Gas Chambers at Majdanek

Upon entering Barrack No. 41, which is the gas chamber building, you first come to the bare, unfurnished undressing room which has narrow wooden boards over the concrete floor. Then you enter the shower room, a large room with rows of exposed water pipes and sprinkler-type shower heads on the ceiling; this room also has a wooden floor over concrete. At one end of the shower room, there are two large concrete bathtubs. The tour guide explained that the prisoners were not allowed to loll in the bathtub, but had to get in and out in a few seconds. The bathtubs were probably filled with disinfectant, as was the case at other camps such as Buchenwald. This shower room was also used by incoming prisoners who were selected to work at Majdanek, which was a labor camp as well as an extermination camp for the Jews.

Inside of Majdanek gas chamber has stains left by Zyklon-B

Metal door opens into the gas chamber

An air-raid-shelter door, shown in the photo above, opens into the first gas chamber, a large room with an alcove, which resembles a three-sided room within a room. In the alcove, there are heavy blue stains, called Prussian Blue, left on the walls and ceiling by the Zyklon-B poison gas that was used there to kill thousands of Jews. The alcove is shown in the photo below and also in the photo at the top of this page.

Blue stains caused by heavy use of Zyklon-B gas

There are two doors into this first gas chamber room. When I toured the gas chambers, neither door had a lock on it and no marks where a lock might have been removed. Each of the doors had a glass peephole which is protected by tiny metal bars to prevent anyone on the outside of the room from breaking the glass. On my visit, I observed that the glass in one of the peepholes had been broken, probably from the inside, and had not yet been replaced.

One of the three rooms in the gas chamber building has a window

The main part of the first gas chamber room has a plate glass window, which lets in natural light, but it is too high up on the wall to be useful for observing the people inside. This window has no bars on either the inside or the outside. There were blue Zyklon-B stains on the window frame and the stucco around the window. The gas chamber next to the shower is the largest of the three rooms and it has the heaviest blue stains, caused by repeated use of Zyklon-B.

There are two holes in the ceiling through which the Zyklon-B pellets could be dropped into the room and openings in the wall through which hot air was blown in, according to the guidebook. This room also has a wooden floor over concrete; the walls are covered with stucco.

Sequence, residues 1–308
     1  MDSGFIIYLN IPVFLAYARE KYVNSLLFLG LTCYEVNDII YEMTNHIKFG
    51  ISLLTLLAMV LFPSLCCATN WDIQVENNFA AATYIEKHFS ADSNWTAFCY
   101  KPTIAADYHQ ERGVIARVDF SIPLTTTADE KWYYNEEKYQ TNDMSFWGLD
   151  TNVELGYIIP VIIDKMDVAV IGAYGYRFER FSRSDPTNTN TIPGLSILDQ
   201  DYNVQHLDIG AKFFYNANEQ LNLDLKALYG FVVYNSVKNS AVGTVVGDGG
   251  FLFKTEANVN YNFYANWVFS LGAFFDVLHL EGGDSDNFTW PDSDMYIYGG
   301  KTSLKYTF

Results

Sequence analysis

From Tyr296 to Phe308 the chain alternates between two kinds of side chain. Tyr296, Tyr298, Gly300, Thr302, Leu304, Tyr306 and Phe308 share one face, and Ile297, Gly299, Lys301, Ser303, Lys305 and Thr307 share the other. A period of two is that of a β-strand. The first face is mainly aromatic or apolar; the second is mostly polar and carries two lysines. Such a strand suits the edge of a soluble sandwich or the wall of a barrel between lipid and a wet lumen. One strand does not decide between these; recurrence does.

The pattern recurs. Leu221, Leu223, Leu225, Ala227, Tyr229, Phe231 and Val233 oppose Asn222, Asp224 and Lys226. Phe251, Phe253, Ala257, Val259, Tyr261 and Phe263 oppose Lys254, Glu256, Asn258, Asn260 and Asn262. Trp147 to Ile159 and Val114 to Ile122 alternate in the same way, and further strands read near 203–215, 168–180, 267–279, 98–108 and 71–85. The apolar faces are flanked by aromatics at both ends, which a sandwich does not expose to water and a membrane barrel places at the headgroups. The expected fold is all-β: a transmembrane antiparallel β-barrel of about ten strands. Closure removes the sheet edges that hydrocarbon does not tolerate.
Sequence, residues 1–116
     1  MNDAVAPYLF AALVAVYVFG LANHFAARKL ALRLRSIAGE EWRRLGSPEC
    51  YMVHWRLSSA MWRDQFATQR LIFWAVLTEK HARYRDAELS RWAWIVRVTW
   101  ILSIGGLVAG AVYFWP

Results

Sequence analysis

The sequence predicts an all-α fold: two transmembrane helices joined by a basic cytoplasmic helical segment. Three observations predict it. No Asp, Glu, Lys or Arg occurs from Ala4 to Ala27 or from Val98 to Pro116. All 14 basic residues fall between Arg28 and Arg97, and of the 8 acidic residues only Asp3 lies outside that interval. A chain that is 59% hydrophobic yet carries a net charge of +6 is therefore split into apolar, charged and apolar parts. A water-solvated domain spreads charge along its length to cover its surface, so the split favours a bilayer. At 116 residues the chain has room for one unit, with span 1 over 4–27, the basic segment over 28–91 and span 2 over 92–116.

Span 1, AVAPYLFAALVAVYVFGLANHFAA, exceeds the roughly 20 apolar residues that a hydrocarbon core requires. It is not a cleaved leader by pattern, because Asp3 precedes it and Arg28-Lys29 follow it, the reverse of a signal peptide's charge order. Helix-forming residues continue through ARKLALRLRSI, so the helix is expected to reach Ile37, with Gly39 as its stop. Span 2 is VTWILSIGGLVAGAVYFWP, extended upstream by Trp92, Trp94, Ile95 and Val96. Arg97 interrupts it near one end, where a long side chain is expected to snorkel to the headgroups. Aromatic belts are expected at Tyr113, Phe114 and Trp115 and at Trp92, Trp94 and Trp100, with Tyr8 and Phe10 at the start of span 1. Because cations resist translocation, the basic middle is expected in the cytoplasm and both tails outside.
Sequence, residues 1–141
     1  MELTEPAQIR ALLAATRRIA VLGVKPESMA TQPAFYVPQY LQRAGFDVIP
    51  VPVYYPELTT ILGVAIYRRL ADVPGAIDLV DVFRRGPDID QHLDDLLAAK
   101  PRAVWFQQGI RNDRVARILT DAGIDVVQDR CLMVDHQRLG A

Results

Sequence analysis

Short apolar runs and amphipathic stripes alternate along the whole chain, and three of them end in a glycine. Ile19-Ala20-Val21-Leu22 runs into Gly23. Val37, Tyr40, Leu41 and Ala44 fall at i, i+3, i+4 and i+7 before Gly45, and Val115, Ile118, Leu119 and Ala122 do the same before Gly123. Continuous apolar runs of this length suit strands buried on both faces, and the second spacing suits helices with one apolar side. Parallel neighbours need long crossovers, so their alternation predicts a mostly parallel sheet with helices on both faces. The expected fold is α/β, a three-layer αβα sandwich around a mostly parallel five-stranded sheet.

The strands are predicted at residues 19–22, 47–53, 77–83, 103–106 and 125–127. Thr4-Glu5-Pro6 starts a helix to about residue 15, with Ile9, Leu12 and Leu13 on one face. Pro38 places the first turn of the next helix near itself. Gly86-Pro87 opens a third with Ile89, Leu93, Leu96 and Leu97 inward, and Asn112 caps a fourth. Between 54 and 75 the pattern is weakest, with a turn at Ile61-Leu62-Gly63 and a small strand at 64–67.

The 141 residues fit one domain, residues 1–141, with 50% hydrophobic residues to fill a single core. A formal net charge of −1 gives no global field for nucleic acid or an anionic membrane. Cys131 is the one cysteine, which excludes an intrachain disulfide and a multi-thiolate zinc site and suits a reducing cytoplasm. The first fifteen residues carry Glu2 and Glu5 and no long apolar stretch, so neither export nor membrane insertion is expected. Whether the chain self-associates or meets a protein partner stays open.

The door into the three gas chambers in Barrack Number 41 is located in the shower room. When I visited in 1998, a sign in the shower room said that the prisoners were given a shower before gassing to "quite (sic) them down." The tour guide explained that the victims were given a hot shower so they would die more quickly in the gas chamber because the Nazis found that the heat of the bodies caused the gas to work faster. Zyklon-B comes in crystal form, like tiny ice-blue rocks, and the pellets must be heated before they release the poison gas which kills lice or people.

The Majdanek gas chamber building has a heating unit outside the chambers which blew hot air into the chamber to activate the poison gas, so a hot shower, before the victims entered the gas chamber, was not really necessary.

At Majdanek, there are a total of four gas chambers, according to the Museum guidebook which says that the gas chamber right next to the shower room was "a makeshift chamber which presumably had begun functioning before the other three were opened." The fourth gas chamber, which is disguised as a shower room, is in the reconstructed crematorium.

The photograph below shows unopened cans of Zyklon-B and a gas mask which were found in the Majdanek camp when it was liberated by the Soviet Union.

Cans of Zyklon-B and a gas mask

In the second gas chamber in this same building, there is a small interior room which has a small barred window, about 6 by 10 inches, on one of the walls. This window had no glass and no window frame when I saw it. Through this window, the killing process could be observed by an SS guard standing in the small interior observation room, according to my tour guide. Inside the interior room were cans of carbon monoxide, which was also used in this chamber, according to the guidebook. The entrance to the small observation room is inside the gas chamber and there was no door. The tour proceeded very quickly through the gas chambers, as the tour guide wanted to get out of these creepy rooms as quickly as possible.

There are a total of three gas chamber rooms, not including the small interior room used for observation, in this building. Some observers have referred to the first room with the alcove as two separate chambers. All the rooms are connected, with each room opening into the next one. The last gas chamber room in this building is smaller than the others and has no heavy blue stains.

After gassing in Barrack Number 41, the bodies of the victims were hauled up the slope, along the main camp road, to the crematorium in wagons drawn by a tractor, according to survivor testimony. The Museum guidebook says that the engines were revved up while the victims were still in the chamber: "To drown the cries of the dying, tractor engines were run near the gas chambers."

Here is a description of the gas chambers in "Bath and Disinfection" Building Number One (barrack #41) at Majdanek, quoted from a guidebook which I purchased at the Visitor's Center: